Tables

Like images, tables do display in most RSS readers but their alignment is problematic. You can use the same tricks with images to ensure that the table looks like it is paced well.

The bigger problem arises when people use CSS in tabled to display information, such as coloring cells to highlight information. For example, using red cells to indicate losses and green ones to indicate gains.

Still, some sites that use certain tables regularly set up special CSS classes for data they routinely have to get across. If possible, those changes should be put into the table itself, especially if you don’t use them a great deal in your posts.

Social News Elements

A lot of the more prominent social news buttons require JavaScript to work properly. Though some RSS readers to accept JavaScript, many don’t. As such, it is important to have versions of these links that don’t require any advanced languages.

Most social news sites provide very basic “Add to” links that should be adequate for your RSS feed. You can take the more advanced buttons and keep them for your site.

See Also

If you use FeedBurner, you can easily use Feed Flare to add many of the most popular social news sites to your RSS feed entries.

Embedded Content

Using embedded content, such as YouTube clips and podcast players, is very common in posts but can create headaches when viewing the content in an RSS feed. These embeds, which are often JavaScript embeds to beging with, routinely use plugins and features, such as Flash, not available to RSS readers.

It is typically best to avoid putting these into your posts when you can. But if you have to, always be sure to keep them on a separate line, preferably at the end of the post and, if the embed is done via JavaScript, include a “NOSCRIPT” tag for those viewing via RSS that encourages them to click through too the full post to see the content.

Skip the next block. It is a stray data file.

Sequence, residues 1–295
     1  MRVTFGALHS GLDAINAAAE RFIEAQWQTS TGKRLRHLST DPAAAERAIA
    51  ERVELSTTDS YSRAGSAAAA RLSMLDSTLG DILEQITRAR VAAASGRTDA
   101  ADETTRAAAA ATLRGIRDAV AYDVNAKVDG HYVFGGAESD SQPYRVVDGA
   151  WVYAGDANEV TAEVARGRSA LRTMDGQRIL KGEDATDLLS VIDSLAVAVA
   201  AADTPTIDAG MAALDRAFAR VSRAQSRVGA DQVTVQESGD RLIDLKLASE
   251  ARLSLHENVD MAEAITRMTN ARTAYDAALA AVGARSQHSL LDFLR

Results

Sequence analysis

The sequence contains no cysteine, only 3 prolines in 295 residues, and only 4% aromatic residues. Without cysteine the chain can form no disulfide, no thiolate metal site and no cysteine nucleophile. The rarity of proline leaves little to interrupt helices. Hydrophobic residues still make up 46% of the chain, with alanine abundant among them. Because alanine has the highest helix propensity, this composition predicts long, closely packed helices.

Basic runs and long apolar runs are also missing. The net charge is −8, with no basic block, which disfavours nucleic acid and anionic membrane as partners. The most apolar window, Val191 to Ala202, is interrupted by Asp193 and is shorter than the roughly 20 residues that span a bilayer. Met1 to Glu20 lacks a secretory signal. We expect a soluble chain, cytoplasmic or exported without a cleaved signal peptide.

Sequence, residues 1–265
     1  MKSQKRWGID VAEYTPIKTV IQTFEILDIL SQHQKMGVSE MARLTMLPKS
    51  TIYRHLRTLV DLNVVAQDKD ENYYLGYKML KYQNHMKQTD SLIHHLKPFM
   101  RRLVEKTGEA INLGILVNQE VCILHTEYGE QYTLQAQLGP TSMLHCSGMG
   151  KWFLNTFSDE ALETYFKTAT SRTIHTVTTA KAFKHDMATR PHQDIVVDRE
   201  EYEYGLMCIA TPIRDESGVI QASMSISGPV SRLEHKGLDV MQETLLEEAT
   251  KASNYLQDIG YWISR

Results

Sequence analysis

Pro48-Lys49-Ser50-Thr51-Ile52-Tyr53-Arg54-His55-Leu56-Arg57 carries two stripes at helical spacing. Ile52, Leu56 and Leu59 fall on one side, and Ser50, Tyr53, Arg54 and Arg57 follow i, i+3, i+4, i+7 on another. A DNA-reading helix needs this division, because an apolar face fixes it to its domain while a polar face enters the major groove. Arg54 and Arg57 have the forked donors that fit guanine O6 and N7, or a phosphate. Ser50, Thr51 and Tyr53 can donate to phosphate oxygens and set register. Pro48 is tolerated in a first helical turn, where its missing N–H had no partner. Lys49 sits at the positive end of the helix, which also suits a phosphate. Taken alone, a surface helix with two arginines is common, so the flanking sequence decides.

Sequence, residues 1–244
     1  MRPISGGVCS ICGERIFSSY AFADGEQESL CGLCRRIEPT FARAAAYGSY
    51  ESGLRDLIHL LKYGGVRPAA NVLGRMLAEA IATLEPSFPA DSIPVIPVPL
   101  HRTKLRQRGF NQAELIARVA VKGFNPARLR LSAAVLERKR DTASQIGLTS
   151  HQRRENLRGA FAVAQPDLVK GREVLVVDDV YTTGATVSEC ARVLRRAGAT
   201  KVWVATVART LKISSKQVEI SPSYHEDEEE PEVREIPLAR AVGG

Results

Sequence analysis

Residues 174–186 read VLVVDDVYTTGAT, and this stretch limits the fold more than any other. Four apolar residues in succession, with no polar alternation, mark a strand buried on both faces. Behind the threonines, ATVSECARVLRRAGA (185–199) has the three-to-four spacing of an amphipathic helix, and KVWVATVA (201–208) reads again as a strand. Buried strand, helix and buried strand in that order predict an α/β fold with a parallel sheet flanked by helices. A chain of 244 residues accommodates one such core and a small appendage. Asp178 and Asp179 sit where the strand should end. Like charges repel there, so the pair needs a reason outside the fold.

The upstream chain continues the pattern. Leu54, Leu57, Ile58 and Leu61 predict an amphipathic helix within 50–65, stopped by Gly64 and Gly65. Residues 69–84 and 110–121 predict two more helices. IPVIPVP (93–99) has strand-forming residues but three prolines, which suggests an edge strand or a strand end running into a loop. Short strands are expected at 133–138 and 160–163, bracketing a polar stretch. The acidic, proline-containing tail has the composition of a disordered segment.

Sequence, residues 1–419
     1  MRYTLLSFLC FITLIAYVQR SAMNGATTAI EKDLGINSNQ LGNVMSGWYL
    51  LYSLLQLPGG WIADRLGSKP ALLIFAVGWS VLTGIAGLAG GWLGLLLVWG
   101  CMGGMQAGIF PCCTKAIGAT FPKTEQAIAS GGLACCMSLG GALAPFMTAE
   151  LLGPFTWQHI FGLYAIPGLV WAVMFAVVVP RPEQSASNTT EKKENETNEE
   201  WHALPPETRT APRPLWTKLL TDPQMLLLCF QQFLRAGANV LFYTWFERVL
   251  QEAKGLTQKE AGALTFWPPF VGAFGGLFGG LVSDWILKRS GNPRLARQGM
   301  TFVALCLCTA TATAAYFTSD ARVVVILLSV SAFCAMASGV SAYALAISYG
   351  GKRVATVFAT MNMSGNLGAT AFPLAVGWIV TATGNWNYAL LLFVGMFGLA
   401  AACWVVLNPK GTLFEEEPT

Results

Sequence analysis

Also, if you are using Flash to embed a podcast and are a WordPress user, be sure to also include a full link to the MP3 so that WordPress will know that it is a podcast post and create the proper tags. Many RSS readers can’t access Flash players, but will see the podcast tags and let the viewer stream the audio via their own player. Google Reader, for example, does this.

Bottom Line

In the end, coding for your RSS feed is not that difficult, but one does have to be willing to make some sacrifices, especially bloggers that use a lot of images or other visual elements in their post.

It is important to realize, when designing your posts, that there is a good chance the majority of your readers will be seeing your posts not on the site, but via RSS. As such, you need to spend as much time making sure your RSS feed looks good as you do your site.

It’s something very trivial to do, but can pay off a big way with your readers.

View Comments (3)
  • Barbara: Welcome! Definitely give your blog a look in your RSS reader and see if it degrades well. I didn’t think about it either until I switched to a new template that involved more post images and realized how bad the new posts looked.

    I’ve managed to fix most of the problems, but it seems that we’re kind of torn between a pair of inelegant solutions here…